masc. proper name, name of the Hebrew prophet and lawgiver, Middle English Moises, from Latin, from Greek Mouses, from Hebrew Mosheh, which is of unknown origin.
Most scholars see in it the Hebraization of Egyptian mes, mesu 'child, son,' which is often used in theophorous names. According to this derivation the words of Pharaoh's daughter in Ex. 2:10, 'For out of the water I drew him' are not the explanation of the Hebrew name Mosheh, but express the idea that the Egyptian name given by Pharaoh's daughter resembles in sound, and therefore, reminds us of, the Hebrew verb mashah 'he drew out,' which is suggestive of the words spoken by Pharaoh's daughter. [Ernest Klein, "A Comprehensive Etymological Dictionary of the English Language"]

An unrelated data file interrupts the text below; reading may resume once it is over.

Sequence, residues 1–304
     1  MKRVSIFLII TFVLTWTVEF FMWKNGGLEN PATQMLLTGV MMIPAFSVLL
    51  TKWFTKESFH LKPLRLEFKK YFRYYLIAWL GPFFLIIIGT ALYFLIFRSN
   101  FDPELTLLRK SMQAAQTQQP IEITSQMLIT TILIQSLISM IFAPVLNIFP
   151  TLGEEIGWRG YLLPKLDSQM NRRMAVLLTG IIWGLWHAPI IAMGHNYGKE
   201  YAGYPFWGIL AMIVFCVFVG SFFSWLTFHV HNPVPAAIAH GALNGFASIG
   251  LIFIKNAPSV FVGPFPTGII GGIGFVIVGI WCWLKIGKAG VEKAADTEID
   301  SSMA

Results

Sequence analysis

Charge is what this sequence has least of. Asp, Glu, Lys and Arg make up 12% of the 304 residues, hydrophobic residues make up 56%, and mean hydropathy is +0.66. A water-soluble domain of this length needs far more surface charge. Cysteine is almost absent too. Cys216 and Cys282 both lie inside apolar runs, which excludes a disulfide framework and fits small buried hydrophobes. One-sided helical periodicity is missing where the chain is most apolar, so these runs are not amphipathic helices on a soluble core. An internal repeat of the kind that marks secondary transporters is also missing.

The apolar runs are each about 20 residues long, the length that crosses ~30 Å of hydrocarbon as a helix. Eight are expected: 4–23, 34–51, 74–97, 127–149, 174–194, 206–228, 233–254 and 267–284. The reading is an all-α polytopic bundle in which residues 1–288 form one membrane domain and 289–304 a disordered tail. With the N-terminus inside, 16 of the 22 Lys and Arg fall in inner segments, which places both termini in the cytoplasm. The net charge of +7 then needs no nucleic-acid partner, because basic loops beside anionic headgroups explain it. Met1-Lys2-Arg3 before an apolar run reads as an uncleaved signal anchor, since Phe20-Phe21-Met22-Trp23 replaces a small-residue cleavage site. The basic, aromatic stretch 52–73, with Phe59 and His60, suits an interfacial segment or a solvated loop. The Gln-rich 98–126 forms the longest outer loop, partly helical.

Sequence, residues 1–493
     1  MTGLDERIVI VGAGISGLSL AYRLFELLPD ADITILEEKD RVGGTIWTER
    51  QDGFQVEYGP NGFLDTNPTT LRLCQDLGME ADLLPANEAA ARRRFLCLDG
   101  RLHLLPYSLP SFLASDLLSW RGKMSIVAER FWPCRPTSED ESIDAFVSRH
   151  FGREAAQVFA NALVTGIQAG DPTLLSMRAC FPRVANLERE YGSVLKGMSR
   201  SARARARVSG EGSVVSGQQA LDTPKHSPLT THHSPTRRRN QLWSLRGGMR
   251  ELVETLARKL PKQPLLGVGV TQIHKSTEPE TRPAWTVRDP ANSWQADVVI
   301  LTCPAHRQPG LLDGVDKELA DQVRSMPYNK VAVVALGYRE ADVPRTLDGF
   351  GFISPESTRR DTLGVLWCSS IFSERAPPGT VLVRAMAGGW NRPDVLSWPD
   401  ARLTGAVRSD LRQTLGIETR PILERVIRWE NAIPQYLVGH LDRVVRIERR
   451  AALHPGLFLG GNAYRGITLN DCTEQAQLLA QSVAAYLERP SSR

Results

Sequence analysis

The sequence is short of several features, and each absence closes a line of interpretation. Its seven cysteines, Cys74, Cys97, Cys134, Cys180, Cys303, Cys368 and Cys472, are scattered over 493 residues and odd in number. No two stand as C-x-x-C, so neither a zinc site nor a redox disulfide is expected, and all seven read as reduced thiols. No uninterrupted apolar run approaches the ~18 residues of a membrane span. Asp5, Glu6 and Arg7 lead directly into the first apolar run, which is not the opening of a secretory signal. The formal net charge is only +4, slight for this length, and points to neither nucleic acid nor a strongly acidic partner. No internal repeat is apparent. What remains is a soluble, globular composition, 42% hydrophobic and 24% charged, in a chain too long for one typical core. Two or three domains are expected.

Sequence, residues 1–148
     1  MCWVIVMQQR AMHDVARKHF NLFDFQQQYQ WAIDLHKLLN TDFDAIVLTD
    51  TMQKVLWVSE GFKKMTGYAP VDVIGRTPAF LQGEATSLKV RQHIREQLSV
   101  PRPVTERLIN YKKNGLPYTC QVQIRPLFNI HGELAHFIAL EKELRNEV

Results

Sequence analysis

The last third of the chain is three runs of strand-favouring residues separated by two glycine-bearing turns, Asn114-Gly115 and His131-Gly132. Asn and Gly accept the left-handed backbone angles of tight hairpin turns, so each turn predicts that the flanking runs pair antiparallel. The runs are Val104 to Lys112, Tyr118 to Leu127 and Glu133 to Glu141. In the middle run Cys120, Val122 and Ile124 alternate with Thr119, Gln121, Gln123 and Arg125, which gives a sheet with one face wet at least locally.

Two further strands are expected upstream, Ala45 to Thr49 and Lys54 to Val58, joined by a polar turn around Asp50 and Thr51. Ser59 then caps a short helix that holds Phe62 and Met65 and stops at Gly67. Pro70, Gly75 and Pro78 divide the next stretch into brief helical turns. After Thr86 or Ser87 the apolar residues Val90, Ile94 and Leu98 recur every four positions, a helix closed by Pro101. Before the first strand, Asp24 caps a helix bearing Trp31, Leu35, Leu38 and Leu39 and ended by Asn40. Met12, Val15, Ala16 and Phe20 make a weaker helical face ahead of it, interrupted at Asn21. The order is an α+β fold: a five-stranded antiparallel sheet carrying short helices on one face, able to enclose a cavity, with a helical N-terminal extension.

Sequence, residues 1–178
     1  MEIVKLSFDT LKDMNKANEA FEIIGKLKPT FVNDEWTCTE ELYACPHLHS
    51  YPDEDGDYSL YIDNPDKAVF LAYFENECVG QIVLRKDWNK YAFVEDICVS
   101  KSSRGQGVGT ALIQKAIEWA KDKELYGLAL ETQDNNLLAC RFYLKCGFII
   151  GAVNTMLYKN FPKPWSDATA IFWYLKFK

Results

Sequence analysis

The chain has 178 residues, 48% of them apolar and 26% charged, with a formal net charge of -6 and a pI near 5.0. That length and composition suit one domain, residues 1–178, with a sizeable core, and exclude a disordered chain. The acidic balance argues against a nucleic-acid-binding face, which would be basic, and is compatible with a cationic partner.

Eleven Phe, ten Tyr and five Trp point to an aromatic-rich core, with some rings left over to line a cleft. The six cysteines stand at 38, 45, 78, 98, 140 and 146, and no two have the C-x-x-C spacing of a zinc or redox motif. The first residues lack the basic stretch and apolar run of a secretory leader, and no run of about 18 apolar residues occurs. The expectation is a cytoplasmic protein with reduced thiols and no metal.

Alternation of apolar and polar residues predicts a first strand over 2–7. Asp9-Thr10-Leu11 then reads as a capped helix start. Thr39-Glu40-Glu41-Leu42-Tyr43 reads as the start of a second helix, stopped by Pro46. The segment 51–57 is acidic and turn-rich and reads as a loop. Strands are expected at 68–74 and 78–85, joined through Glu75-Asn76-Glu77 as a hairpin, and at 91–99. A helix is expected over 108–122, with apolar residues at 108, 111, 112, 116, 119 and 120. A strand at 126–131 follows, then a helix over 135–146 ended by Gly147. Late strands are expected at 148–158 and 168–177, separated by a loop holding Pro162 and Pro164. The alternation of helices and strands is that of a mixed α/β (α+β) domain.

As an expletive or oath, Oh, Moses, 1840; Holy Moses is attested by 1877.